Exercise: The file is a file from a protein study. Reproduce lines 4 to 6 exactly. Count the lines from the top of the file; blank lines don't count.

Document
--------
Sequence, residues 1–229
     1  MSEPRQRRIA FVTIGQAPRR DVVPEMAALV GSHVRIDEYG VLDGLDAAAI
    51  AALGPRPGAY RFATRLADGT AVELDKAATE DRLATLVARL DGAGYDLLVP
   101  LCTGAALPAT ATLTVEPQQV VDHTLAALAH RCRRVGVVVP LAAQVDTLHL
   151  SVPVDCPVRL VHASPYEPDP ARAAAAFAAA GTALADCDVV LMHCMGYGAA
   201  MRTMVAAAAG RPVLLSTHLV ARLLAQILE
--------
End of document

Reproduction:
   101  LCTGAALPAT ATLTVEPQQV VDHTLAALAH RCRRVGVVVP LAAQVDTLHL
   151  SVPVDCPVRL VHASPYEPDP ARAAAAFAAA GTALADCDVV LMHCMGYGAA
   201  MRTMVAAAAG RPVLLSTHLV ARLLAQILE